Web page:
The Indianapolis company reported net income of $856.5 million, or $2.53 per share, for the three months ended March 31, down from $926.6 million, or $2.44 per share, a year earlier.
Excluding investment gains, WellPoint earned $2.34 per share in this year's first quarter.
Operating revenue climbed 3.4 per cent to $15.15 billion from $14.65 billion a year ago.
Analysts surveyed by FactSet expected, on average, earnings of $2.27 per share on $15.41 billion in revenue.
WellPoint is the second-largest health insurer after UnitedHealth Group Inc. It runs Blue Cross Blue Shield plans in 14 states, including California, New York and Ohio.
Total medical membership fell nearly 2 per cent to 33.7 million people compared to the end of last year, as the insurer lost enrolment in plans that provide health insurance to employees of small businesses and large, national accounts.
But WellPoint also gained 165,000 people in its Medicare Advantage business as it integrated CareMore Health Group, a Medicare Advantage plan provider acquired last year.
Medicare Advantage plans are privately run versions of the government's Medicare program. Subsidized by the government, the plans offer basic Medicare coverage topped with extras like vision or dental coverage or premiums lower than standard Medicare rates. WellPoint has said growth in its Medicare Advantage business plus a push to become more efficient will help it this year.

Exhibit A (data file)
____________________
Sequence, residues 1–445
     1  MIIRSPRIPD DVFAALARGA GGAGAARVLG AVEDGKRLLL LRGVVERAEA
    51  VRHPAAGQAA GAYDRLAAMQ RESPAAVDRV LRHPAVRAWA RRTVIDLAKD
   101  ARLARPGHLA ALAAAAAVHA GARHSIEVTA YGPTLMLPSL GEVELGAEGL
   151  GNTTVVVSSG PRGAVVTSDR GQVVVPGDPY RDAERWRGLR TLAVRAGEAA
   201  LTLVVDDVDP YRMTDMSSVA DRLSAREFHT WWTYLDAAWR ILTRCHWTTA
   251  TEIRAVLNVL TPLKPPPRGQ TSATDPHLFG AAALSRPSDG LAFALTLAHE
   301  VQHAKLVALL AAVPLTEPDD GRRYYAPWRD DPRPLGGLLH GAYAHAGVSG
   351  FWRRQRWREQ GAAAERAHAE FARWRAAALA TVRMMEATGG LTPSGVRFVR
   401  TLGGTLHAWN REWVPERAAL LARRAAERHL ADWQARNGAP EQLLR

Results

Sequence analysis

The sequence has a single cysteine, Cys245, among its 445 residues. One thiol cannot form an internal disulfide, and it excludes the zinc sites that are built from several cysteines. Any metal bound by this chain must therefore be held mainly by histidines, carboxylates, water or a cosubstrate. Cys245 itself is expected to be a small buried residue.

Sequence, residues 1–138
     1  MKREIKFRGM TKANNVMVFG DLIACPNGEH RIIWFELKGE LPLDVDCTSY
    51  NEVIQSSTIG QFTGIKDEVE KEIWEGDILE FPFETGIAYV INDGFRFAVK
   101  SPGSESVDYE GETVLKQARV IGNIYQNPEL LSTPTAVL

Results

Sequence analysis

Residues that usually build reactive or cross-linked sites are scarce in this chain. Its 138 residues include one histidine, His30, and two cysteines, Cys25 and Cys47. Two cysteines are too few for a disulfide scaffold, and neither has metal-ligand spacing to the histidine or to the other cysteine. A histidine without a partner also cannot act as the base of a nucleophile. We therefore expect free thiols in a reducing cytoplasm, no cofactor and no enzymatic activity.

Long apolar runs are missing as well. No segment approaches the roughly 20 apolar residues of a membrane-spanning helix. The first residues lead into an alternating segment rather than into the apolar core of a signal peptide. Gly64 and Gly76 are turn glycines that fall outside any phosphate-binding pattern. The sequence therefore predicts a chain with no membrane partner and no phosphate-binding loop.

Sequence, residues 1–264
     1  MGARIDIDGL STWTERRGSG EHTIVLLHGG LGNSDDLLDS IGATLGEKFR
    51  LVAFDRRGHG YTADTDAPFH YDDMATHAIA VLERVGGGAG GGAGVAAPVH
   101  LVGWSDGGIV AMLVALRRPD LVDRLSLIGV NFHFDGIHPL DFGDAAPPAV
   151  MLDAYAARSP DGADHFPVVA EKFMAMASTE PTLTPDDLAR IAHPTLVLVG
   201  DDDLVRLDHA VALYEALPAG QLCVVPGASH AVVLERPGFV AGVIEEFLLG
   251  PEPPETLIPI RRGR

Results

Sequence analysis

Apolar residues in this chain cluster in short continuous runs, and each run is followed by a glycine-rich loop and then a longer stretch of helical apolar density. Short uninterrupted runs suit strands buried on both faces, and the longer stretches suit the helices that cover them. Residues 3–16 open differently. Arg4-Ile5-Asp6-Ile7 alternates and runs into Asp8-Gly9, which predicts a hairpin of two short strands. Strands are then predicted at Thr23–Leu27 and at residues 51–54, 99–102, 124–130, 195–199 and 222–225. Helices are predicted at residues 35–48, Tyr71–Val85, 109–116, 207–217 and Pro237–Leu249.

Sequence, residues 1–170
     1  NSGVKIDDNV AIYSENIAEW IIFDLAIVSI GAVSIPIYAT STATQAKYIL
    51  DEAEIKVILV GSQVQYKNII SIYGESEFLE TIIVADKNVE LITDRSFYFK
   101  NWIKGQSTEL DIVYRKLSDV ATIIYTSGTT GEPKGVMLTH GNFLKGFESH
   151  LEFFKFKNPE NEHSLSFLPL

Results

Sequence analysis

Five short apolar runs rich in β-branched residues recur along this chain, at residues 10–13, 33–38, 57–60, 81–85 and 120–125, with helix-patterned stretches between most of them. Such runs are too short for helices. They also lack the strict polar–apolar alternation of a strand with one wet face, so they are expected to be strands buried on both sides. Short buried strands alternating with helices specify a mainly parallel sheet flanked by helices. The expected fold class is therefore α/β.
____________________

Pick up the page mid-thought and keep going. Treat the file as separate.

WellPoint also saw its benefit expense, or what it pays in medical claims, climbed 4.8 per cent to $11.77 billion in the quarter. The insurer said increases in the price for care continue to be the biggest force behind medical cost trends.
UnitedHealth also said last week that price increases were the biggest factor behind its rise in medical costs.
WellPoint now expects 2012 adjusted earnings of at least $7.65 per share, up from a previous forecast for at least $7.60 per share. But that is still below analysts' estimates for earnings of $7.72 per share.
WellPoint's stock sank in January after the insurer reported a fourth-quarter performance that missed analyst expectations, as net income dropped 39 per cent. That was mostly due to a $50-million hit from the company's Medicare Advantage business.
In this year's first quarter, the insurer did not beat expectations or raise its earnings forecast by huge margins, Citi analyst Carl McDonald said in a research note. But he added that his "sense heading into the quarter was that WellPoint just needed to not miss (expectations) in order to get a positive reaction."
Wellpoint shares rose 29 cents to $71.05 in premarket trading on Wednesday.